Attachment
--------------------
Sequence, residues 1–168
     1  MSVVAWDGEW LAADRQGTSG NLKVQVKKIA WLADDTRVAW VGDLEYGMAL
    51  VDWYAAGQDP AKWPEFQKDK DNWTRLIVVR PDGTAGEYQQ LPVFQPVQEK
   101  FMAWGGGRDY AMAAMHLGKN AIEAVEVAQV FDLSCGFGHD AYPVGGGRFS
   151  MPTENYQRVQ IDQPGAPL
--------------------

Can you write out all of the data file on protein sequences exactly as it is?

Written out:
Sequence, residues 1–168
     1  MSVVAWDGEW LAADRQGTSG NLKVQVKKIA WLADDTRVAW VGDLEYGMAL
    51  VDWYAAGQDP AKWPEFQKDK DNWTRLIVVR PDGTAGEYQQ LPVFQPVQEK
   101  FMAWGGGRDY AMAAMHLGKN AIEAVEVAQV FDLSCGFGHD AYPVGGGRFS
   151  MPTENYQRVQ IDQPGAPL